My travel to Palmer Station in March 2000

Getting to Palmer station includes a travel by aircraft to Punta Arenas, Chile, followed by a four-day cruise on a research vessel. After the Magellan Street, which divides Fireland from the rest of South America, is passed the journey continues along the coast of "Terra del Fuego" before conquering the Drake Passage between Fireland and the Antarctic Peninsula. The Drake Passage has the most stormy sea on Earth but during my crossing it was surprisingly calm. The inclination of the ship rarely exceeded 20º but the Captain told me that a tilt of 45º is not uncommon in bad weather. The last day of the cruise provides gorgeous vistas on the many snow and ice covered island, which are scattered before the coast line of the Antarctic Peninsula.

The "Laurence M. Gould", which brought me to Palmer Station. The photograph was taken in the harbor of Punta Arenas before start of the cruise.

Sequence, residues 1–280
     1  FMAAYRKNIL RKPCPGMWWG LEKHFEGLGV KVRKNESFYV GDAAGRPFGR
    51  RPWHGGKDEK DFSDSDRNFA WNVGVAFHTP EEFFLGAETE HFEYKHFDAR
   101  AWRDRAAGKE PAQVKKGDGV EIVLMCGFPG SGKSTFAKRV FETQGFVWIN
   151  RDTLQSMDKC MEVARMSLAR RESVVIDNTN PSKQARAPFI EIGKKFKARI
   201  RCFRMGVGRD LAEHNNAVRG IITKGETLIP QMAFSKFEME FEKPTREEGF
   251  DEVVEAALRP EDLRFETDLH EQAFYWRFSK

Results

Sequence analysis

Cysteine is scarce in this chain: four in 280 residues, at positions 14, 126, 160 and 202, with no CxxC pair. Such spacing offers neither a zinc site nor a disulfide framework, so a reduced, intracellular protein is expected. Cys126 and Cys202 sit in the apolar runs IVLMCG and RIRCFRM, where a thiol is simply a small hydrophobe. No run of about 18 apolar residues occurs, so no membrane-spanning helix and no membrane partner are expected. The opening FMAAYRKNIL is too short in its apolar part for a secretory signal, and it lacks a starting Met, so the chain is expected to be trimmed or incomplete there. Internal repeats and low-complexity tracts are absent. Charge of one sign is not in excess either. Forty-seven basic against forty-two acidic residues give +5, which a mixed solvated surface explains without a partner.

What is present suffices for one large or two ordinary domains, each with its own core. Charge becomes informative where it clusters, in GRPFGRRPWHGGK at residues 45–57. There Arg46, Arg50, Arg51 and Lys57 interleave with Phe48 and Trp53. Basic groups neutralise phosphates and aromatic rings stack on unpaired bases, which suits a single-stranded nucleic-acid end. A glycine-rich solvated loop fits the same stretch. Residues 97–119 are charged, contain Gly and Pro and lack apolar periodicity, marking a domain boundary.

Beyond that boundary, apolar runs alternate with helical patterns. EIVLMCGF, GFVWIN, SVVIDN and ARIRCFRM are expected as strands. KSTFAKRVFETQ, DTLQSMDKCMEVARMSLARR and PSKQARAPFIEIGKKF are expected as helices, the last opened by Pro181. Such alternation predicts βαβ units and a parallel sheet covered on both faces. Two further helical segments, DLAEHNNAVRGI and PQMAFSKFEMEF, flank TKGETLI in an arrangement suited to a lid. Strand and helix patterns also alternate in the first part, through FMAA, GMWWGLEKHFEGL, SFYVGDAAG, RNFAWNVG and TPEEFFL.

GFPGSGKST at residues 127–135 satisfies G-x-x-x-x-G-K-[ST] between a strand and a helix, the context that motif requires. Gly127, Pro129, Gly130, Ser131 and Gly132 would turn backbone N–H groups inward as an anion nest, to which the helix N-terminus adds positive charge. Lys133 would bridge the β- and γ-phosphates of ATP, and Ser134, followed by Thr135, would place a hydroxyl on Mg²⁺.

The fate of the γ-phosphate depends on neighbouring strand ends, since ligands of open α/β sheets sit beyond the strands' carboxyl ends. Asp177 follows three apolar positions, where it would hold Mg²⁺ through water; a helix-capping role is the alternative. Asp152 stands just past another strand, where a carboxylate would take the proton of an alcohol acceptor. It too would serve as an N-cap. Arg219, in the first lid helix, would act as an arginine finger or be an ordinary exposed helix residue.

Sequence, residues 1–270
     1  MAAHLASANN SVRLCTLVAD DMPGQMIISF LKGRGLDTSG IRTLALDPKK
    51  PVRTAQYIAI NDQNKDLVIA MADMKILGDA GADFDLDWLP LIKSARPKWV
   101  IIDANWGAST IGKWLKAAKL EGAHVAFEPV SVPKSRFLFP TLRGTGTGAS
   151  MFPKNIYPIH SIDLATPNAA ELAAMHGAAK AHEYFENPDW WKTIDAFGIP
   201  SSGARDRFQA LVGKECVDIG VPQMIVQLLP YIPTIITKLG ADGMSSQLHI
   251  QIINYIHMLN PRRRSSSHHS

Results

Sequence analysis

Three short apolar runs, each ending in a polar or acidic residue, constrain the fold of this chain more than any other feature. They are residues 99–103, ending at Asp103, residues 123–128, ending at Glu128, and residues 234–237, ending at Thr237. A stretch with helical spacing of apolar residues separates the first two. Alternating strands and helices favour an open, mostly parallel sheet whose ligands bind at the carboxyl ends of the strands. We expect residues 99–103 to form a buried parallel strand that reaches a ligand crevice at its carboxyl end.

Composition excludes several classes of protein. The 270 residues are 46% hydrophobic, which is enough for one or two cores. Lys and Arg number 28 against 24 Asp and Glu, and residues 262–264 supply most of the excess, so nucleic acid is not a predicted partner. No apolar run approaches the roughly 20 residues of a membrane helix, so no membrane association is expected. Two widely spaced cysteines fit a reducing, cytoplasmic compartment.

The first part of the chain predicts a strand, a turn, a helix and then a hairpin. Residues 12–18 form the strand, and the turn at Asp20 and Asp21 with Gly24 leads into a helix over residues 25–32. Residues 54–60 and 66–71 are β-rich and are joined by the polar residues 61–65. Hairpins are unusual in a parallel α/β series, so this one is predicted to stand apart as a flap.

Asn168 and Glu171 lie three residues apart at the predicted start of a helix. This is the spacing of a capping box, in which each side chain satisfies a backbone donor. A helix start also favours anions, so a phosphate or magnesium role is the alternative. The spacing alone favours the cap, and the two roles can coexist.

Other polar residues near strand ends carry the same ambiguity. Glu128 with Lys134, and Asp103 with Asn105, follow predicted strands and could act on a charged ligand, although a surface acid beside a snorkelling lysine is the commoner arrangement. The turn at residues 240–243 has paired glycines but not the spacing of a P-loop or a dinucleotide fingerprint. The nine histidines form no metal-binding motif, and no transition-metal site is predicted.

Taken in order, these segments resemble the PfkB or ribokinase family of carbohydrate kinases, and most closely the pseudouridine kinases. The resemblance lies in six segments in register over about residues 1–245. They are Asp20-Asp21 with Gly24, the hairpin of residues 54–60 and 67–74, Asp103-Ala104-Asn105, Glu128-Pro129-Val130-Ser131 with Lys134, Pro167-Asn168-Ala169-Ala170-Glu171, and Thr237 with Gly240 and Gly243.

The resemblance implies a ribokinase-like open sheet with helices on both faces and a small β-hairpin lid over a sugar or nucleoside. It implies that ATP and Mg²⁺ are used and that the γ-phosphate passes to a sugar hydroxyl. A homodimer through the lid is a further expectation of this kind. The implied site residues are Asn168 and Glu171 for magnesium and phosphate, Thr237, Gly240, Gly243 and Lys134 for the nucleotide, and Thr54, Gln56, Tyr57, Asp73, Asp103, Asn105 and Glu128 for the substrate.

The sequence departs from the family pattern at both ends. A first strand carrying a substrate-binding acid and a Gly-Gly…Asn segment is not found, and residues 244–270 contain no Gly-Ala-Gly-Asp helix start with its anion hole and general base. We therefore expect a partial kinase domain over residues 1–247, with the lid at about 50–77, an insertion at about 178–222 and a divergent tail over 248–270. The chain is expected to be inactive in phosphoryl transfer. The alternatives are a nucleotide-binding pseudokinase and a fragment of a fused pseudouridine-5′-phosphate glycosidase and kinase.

Conquering the Drake Passage. Notice the inclination of the vessel compared to the horizon and water shooting onto the lower deck through an opening next to the red container!

Palmer Station with some icebergs and island in the background.

My work place at Palmer Station. In the foreground is the top-part of the SUV-100 UV spectroradiometer piercing the roof. In the background is the glacier surrounding the research station. Since the weather was rather warm during my stay, huge pieces of ice "calved" from the glacier several times per hour. Watching the pieces break and fall into the ocean accompanied with a thunder-like noise is quite impressive.

Close-up of a huge piece of turquoise glacier-ice waiting for its plunge into the sea.

Walking on the glacier.

View from the glacier on vast snow covered mountains in the vicinity of Palmer Station.

Iceberg 300 meters away from the Station.

Impressive iceberg piercing the fog.